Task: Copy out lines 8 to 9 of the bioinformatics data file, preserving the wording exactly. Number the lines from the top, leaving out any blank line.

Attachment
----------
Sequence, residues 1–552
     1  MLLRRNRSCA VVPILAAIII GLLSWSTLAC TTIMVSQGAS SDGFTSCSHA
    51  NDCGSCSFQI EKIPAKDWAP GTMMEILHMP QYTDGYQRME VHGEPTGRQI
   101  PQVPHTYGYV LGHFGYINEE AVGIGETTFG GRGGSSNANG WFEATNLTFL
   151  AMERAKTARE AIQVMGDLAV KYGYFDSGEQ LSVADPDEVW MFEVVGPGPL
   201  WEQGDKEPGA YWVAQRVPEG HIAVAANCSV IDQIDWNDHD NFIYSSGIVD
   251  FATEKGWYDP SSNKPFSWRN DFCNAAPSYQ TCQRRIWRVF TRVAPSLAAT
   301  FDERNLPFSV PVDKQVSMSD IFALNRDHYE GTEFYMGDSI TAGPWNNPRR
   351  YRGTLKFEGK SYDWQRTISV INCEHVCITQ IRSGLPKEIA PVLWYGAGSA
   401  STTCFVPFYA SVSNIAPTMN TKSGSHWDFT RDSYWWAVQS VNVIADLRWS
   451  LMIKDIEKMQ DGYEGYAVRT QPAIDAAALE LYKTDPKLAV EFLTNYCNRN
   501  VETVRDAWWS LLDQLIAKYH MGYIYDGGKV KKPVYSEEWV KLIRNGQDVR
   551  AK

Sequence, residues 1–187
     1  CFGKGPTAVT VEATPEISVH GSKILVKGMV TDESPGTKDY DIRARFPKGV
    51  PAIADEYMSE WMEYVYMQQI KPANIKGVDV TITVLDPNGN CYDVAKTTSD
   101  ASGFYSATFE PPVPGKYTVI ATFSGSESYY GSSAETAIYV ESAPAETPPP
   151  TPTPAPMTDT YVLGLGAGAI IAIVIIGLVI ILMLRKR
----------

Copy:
   301  FDERNLPFSV PVDKQVSMSD IFALNRDHYE GTEFYMGDSI TAGPWNNPRR
   351  YRGTLKFEGK SYDWQRTISV INCEHVCITQ IRSGLPKEIA PVLWYGAGSA